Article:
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This is going on in NFL cities across the fruited plain.
An absolute obsession from some fans and reporters about the receiver position. Obsession.
In Chicago, new Bears GM Ryan Poles has been bombarded with questions about the position, and he made it clear on Tuesday he will not reach for one in the draft.
“It has to be there and it has to be there at the right level,” Poles said. “You can talk yourself into anything at this point. That’s why I’m not overcooking this board. The key is making sure it’s in the right value on the board.”
Maybe it’s the influence of Fantasy Football, but the obsession with receivers outside of NFL training complexes has never been more heightened.
“You need to get (fill in the QB name) more weapons,” is the battle cry from many fans and reporters in various NFL cities.
The Jets scene is no different. Many fans and reporters are pushing the team to trade for Deebo Samuel and/or pick a receiver in the first round.
But Chicago Sun-Times sports columnist Rick Morrissey nailed it with his column with the headline: “Bears GM Ryan Poles would be smart to wait before going all-in on Justin Fields.”
Because in football, quarterbacks make receivers, receivers don’t make quarterbacks. If you struggle reading defenses, going through your progression scans and with things like footwork and mechanics, those things have nothing to do with weapons, Nothing.
And it’s fool’s gold to think that by bringing in more weapons you are going to fix your QB.
Zach Wilson has a lot to work on, including the aforementioned things, just like Fields does. They are both working hard on all those things as we speak, each preparing for their second season in the NFL.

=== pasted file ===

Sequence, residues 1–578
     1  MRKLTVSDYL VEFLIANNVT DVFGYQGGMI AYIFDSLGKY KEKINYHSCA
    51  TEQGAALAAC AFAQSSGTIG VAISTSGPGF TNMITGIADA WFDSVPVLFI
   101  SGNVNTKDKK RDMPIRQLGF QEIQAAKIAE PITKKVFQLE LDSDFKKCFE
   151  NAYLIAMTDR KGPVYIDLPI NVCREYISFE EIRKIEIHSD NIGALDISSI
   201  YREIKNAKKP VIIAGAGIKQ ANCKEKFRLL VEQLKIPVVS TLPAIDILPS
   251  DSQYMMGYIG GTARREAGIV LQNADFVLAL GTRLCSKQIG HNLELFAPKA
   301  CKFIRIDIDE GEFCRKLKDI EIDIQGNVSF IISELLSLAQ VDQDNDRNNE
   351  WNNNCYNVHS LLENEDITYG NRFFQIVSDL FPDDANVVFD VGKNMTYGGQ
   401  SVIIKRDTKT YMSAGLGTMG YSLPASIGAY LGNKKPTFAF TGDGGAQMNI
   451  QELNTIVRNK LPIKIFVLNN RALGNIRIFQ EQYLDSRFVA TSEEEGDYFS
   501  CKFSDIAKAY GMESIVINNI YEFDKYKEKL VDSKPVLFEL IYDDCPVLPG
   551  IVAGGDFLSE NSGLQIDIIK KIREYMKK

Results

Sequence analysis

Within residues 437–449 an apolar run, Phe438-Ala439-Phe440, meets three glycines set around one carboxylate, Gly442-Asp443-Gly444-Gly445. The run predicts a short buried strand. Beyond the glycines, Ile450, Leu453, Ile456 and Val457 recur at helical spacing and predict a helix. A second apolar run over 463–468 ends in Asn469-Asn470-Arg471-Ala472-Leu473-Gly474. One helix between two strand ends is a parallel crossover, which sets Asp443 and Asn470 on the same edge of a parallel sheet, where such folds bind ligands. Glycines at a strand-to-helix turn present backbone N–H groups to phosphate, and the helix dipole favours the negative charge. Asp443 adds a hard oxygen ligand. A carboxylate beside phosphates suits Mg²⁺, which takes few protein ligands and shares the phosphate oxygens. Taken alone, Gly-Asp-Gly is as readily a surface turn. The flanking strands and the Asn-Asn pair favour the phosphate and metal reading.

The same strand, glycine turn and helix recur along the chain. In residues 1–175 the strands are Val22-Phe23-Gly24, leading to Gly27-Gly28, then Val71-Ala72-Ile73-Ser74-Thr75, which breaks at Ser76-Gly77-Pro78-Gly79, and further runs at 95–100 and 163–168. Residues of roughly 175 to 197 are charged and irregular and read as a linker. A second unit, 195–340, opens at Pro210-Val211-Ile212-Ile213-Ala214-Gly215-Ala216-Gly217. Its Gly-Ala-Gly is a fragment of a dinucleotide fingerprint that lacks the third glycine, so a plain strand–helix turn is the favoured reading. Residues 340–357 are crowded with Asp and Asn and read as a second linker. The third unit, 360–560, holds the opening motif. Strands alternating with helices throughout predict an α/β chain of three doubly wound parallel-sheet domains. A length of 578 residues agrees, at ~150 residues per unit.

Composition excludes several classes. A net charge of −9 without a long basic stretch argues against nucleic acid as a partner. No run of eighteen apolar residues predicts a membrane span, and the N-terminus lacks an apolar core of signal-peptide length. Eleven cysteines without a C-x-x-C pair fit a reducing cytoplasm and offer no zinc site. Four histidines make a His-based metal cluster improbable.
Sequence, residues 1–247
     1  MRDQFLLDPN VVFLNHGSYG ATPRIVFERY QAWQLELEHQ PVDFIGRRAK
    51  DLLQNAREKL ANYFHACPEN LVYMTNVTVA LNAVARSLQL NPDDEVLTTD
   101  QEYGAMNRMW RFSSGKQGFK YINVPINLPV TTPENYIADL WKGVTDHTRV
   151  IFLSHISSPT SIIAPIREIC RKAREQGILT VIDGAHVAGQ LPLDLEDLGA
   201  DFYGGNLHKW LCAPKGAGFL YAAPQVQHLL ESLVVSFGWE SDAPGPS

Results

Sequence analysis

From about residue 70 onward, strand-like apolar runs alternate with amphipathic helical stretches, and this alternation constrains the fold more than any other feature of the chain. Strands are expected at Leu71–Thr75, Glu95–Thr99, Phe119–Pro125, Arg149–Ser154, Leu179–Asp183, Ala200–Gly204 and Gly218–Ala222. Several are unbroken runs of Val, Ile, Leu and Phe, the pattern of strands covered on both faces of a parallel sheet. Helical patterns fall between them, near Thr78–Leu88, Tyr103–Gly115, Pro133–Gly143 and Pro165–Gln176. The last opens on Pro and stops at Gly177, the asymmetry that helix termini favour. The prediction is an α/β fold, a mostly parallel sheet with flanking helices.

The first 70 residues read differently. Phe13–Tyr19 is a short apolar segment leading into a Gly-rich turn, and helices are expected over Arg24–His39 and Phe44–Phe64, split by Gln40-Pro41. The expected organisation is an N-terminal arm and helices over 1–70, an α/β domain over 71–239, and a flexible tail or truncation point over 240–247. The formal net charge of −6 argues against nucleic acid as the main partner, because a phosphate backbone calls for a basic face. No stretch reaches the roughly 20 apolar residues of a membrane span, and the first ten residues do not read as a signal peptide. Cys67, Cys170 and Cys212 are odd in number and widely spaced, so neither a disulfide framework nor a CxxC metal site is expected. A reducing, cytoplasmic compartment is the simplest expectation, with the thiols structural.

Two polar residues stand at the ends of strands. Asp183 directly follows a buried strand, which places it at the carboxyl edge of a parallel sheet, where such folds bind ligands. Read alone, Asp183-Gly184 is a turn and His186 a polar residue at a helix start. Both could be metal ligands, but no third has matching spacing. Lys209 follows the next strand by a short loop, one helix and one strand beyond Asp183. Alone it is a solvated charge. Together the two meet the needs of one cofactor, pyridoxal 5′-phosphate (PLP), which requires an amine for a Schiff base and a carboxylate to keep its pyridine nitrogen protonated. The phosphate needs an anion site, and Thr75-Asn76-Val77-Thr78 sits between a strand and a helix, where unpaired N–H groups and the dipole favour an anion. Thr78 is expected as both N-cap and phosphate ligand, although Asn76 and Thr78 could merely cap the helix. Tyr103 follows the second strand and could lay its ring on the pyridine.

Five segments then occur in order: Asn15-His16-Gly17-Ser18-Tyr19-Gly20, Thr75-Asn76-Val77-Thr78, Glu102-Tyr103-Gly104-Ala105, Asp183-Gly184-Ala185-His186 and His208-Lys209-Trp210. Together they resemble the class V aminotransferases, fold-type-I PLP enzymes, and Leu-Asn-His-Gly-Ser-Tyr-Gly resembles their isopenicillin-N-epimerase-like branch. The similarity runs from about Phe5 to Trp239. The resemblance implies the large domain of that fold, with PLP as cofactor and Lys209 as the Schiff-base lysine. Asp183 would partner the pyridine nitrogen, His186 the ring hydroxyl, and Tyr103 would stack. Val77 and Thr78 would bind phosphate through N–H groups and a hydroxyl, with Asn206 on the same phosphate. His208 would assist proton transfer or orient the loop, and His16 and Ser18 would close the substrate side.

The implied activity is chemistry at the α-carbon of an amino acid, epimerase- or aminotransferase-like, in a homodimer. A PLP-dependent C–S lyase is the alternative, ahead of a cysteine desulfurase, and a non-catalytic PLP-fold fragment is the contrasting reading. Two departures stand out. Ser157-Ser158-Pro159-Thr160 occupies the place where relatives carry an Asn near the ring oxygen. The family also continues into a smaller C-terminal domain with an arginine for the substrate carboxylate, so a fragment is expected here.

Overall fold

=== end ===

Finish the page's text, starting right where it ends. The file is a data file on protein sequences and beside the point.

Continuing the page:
Any GM worth his salt knows that weapons aren’t a magic pill that fixes field vision and mechanics.
So I’m not going to go on Twitter and push a Samuel trade because Wilson supposedly needs more weapons. I know those tweets get a lot of likes, and those stories get a lot of views, but I’m not going there.
Look, of course you need weapons for your QB, but as Morrissey pointed out, you should see what you have at QB before you go all in, otherwise, you are putting the cart before the horse.
Remember when Douglas said in April of 2020 that he made a promise to Sam Darnold’s parents.
“I promised I was going to do everything in my power to take care of Sam with protection and playmakers,” Douglas said.
It didn’t make much of a difference because Darnold struggles reading defenses.
And you should never make moves to sell tickets and grab the back page of the tabloids. That is no way to build a team properly and it can set teams back when they do that. We’ve seen that first hand.
The best way to build a team is to draft well, develop those draft picks and then re-sign those players.
No quick fixes.
“We have a plan in place and the fundamentals of our plan don’t change,” said Joe Douglas.
Part of that plan should be sticking to the draft board and picking the highest-rated player regardless of position, and ignoring the weapons lobby.
The Jets need help all over, and obsessing about adding players to help a young QB, who isn’t even settled science yet, is somewhat misguided.
But for the record, I have no issue with the Jets picking USC WR Drake London at 10 since they could use a 6-5 receiver who is good on 50-50 balls.
But trading a truckload of draft picks to San Francisco for Samuel, and then paying him $30 million-a-year, might be putting the cart before the horse.
You don’t even know if you have a QB yet.
Once again, no issues adding weapons in free agency and the draft, but don’t be foolish enough to think that is a magic wand for your young QB.
Don’t let Fantasy Football players dictate your personnel strategy.
April 27, 2022
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